Entertainment Weekly has posted an interview with Ben McKenzie, star of the upcoming Fox television series Gotham. As Batfans know, McKenzie will portray Detective James Gordon, the future police commissioner of Gotham City, and he shared his thoughts about the character and his past history with the world of Batman.
When asked about what excites him about JIm Gordon as a character, McKenzie replied, "He’s a truly honest man. The last honest man in a city full of crooked people. It’s very tricky nowadays to play a true, honest-to-goodness hero. Everybody is so cynical of people’s intentions. What’s interesting about him is he comes into this city that he hasn’t lived in for two decades, since he was a kid, and has fresh eyes to a world he doesn’t actually know. He thinks he knows it, and his journey will be to figure out how to make it better both for Gotham and himself without completely [losing] the moral standing that he has. He’s not an anti-hero, he’s a true hero — but he will have to compromise."
Of course, compromising will take Gordon into some morally grey areas, so will he be able to keep his ideals intact? "He won’t," said McKenzie. "And that’s one of the things we talked about very early on. This is not a Batman-from-the-’50s kind of show, with moral duality in black and white. In this world, everybody lives in the grey. Everybody is on the take. Everybody is compromised. There is no way he’ll emerge unscathed from that. How does he hold onto the thread of his mortality while getting things done?"
"Long story short: Gordon couldn’t be more human," McKenzie continued. "In a DC universe where all of these characters are human, he is Exhibit A in being a simple, flawed human being. He’s strong and smart and tough, but he’s going to make wrong decisions and trust the wrong people. And he has no out — he can’t put on a cape and fly off."
In preparing for the role, McKenzie got some background on Gordon from none other than DC Comics' chief creative officer. "I went to lunch with Geoff Johns and asked, 'What do I need to know? I’m familiar with Batman and Gordon, but what’s my responsibility here?' He gave me Gotham Central…and said two things -- The origin story of Gordon hasn’t been fully explored before. As central as he is, Gordon has never been the focus. And second, you can’t worry about that. 'We hired you to play you and to make this character fresh.' And he said it without provocation. That coming from the guy who’s so well versed in this, saying to make it your own, it was a real pat on the shoulder. There’s a tendency with such a familiar world that it can be intimidating, but you got to relax and do it. It ought to be bigger and grander and — frankly — cooler than most, but you have to treat it like a job."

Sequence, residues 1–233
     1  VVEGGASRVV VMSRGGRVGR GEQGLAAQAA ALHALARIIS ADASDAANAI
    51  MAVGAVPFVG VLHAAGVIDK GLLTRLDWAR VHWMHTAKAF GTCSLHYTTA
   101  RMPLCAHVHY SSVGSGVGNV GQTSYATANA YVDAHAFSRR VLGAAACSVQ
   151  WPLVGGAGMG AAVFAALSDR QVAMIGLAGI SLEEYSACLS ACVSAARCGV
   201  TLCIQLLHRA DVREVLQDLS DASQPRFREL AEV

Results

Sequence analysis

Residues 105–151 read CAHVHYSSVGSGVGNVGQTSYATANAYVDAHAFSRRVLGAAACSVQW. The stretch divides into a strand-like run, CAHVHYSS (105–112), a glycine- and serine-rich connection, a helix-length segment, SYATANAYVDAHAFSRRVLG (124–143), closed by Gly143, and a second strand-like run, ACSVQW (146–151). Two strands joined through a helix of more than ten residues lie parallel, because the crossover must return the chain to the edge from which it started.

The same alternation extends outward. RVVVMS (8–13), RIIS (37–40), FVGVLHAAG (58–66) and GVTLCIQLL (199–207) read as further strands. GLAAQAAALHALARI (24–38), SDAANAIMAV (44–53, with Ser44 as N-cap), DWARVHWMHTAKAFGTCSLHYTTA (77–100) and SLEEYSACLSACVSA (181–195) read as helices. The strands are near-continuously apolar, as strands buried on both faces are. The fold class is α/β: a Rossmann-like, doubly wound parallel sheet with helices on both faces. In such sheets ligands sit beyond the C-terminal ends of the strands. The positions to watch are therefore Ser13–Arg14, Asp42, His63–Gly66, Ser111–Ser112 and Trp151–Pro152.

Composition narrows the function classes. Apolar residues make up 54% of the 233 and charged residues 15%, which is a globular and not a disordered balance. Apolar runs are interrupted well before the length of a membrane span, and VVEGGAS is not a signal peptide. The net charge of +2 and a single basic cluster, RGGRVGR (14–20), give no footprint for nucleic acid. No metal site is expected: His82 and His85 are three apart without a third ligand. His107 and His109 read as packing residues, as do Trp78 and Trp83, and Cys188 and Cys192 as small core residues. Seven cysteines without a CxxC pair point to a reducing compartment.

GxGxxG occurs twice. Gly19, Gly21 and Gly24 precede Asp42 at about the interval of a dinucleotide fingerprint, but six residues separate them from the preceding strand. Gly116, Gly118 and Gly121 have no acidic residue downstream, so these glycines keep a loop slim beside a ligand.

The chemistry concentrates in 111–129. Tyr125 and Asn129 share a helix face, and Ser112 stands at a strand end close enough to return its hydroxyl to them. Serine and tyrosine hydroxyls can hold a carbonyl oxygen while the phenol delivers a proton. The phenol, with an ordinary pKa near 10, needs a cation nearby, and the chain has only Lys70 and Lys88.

And where did that familiarity with Batman and Gordon come from? "I’m a big fan of Batman," said McKenzie. "I can’t claim I grew up reading a lot of comics — weirdly the one I remember is Iron Man. I would watch repeats of the cheesy biff-pow-bang show, the Adam West version, in the afternoons in Texas. As I grew older, [the depictions of Batman] grew more sophisticated, and I loved the [Christopher] Nolan films. The thing that I think is universally relateable about Batman is he’s not a superhero. He has no special powers. He’s simply a man who’s experienced this extreme trauma, and has access to all sort of gadgets and weaponry that a wealthy person could have, and has an emotional need for justice."
You can check out more of the interview at the Entertainment Weekly link above. Gotham is scheduled to air on Mondays this fall on Fox at 8 p.m. EST.